I got some funny searches this week: “100 count a Kindergarten,” “living in a car,” “angel of doom,” and “how to sew a wolf head.” But my favorite search this week was not, I presume, intended to be funny. And I want to give a big hug to the person who typed it in.
how to get to know an autistic teen
Wow! Doesn’t that renew your faith in humanity? Whoever you are, can we clone you? If more people wanted to get to know autistic teens, if more people realized that they have feelings and interests and personalities worth knowing and cared enough to find out how to achieve that, our kids would be a lot happier and so would we. And more people’s lives would be enhanced by knowing them. Because, verbal or not, they have a lot to offer.
So, how do you get to know an autistic teen? Your approach should depend somewhat on the teen’s communication ability. If you’re wanting to get to know a non-verbal autistic teen, your best bet is to contact the parents or caregiver first to find out what you can about the teen: likes, dislikes, things that might upset them. They might communicate with PECS or writing, or some other method. The important thing to remember is that, regardless of how they communicate, their receptive communication is usually much greater than their expressive, and autistic teens understand a lot more than people realize.
The following is a list of guidelines for getting to know an autistic teen:
- Find out their interests, which may or may not include computers, Lego, science, history, movies, superheroes, movies about superheroes, Star Wars, Indiana Jones, etc. (Fellow parents, feel free to add to this list of interests in the comments!)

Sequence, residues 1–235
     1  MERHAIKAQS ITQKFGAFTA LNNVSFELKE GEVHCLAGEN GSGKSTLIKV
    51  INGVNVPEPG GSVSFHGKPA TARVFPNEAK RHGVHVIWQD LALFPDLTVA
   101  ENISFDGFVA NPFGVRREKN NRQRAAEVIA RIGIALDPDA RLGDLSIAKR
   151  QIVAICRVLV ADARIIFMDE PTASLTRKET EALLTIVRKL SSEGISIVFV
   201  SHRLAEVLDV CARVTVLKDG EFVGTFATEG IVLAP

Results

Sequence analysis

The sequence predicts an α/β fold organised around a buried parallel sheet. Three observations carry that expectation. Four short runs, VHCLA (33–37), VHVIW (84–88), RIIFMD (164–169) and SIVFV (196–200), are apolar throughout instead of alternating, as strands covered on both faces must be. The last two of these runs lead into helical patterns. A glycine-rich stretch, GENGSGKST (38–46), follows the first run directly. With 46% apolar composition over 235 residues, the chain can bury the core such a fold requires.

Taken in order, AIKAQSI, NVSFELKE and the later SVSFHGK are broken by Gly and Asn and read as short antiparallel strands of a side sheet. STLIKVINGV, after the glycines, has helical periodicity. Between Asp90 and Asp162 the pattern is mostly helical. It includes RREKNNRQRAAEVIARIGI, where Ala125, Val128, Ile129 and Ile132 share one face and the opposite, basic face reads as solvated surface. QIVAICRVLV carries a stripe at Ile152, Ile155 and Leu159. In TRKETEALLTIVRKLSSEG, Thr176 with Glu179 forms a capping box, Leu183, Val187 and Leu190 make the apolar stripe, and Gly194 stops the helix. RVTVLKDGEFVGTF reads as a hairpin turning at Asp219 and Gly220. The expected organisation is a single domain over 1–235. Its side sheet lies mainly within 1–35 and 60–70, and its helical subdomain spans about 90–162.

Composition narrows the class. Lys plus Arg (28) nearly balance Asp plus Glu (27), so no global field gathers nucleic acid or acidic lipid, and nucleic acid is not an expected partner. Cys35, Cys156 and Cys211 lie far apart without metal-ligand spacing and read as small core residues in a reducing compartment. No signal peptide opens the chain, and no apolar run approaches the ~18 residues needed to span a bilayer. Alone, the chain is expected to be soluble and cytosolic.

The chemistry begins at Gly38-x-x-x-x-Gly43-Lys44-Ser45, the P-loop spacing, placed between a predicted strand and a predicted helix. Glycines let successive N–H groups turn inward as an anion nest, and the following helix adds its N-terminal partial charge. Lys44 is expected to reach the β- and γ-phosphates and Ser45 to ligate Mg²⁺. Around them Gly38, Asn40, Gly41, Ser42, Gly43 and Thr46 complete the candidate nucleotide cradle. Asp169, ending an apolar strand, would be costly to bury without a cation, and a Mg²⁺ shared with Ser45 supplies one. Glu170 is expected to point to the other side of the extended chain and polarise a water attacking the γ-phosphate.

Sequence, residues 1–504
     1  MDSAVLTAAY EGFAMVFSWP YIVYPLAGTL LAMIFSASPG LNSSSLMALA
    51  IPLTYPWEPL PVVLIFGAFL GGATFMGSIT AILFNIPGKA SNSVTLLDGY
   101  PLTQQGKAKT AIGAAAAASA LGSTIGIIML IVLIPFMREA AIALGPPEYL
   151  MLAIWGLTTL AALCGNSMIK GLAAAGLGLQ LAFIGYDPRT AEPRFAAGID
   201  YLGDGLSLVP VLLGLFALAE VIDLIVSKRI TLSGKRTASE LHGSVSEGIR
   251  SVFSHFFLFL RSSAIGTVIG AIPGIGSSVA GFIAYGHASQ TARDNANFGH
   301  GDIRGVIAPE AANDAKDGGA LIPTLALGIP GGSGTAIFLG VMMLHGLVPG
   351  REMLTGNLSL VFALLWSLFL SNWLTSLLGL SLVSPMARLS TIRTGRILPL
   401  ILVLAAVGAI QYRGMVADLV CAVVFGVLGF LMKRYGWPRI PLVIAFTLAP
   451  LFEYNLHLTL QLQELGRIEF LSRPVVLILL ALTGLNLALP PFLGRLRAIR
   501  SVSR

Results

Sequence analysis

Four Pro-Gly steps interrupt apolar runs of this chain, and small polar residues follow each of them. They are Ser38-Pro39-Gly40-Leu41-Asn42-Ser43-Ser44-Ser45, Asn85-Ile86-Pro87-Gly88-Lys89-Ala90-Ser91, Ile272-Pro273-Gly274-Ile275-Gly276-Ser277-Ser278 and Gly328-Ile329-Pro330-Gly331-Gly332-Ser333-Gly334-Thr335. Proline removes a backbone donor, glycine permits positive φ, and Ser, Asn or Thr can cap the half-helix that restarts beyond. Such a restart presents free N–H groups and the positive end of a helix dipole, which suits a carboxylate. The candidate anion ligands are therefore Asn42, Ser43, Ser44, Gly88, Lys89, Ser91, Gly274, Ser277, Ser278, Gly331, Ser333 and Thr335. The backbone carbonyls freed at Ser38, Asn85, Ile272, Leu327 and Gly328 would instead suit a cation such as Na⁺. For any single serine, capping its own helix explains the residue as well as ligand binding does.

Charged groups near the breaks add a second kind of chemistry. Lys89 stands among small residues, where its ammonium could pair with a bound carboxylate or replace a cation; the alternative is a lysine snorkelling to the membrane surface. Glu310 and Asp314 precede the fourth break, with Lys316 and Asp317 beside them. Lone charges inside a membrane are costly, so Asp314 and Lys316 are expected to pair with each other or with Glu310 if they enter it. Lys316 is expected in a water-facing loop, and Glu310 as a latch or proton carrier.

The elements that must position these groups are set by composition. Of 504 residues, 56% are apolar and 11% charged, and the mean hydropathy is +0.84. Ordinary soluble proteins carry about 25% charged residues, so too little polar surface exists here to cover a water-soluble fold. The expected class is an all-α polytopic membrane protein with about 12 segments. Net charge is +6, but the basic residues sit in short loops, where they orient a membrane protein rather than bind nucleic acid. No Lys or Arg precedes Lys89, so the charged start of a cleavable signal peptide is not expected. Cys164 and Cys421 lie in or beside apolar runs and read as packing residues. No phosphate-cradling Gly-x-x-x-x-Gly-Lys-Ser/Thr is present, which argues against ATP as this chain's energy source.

- Don’t expect eye contact, handshakes, or hugs. At least not for a long time, in most cases.
- Don’t use figures of speech, which tend to be confusing for literal-minded autistic teens.
- Do expect many verbal autistic teens to speak in a monotone voice – it doesn’t mean they aren’t interested or are being rude. This type of voice is just a common trait of autistic teens.
- Don’t expect terms of politeness. Autistic teens often forget to say thank you when you give them something, whether it’s a compliment or a gift or a piece of gum. If you ask “How are you?” they might say “Fine” but not reciprocate by asking the same of you. Conversational niceties are difficult for autistic teens to remember because most do not understand the purpose. Many try to remember to say them anyway.
- Do be patient. Sometimes it takes a moment for the autistic teen to formulate a response.
- Don’t expect them to talk for long periods of time in a conversational manner. You know how when someone trips a little, a friend might jokingly say, “Been walking long?” Well, some autistic teens haven’t been “talking long.” Mastering the art of conversation is something that many of them are still working on, and will continue to. They might likely end the conversation by bluntly saying, “I’m done talking now. Bye.” Again, they don’t mean to be rude. Don’t take it personally.
- Do be aware, especially if talking outside, that autistic teens may react wildly to an insect that flies near them or to a sound that startles them or a sudden bright light in their eyes. Just accept that it’s part of who they are, and know that they can’t help it and they deal with it as best as they can.
- Don’t feel slighted if you say hi to them in passing and they don’t respond. They’re so busy filtering all the sensory input of wherever they are and trying to organize their brain that a passing hello often won’t register until after you’ve passed them. Again, don’t take it personally. Really – they cannot help it. Many autistic teens also contend with face-blindness.
- Do realize that even though an autistic teen may not show many facial expressions while interacting, most of them still want friends, and all of them have feelings. They probably really appreciate that you’re taking the time to get to know them and understand them, but they don’t know how to tell you that. Be persistent but respectful. They are worth it! And so are you. Take it from a parent of an autistic teen – we appreciate you more than words can say.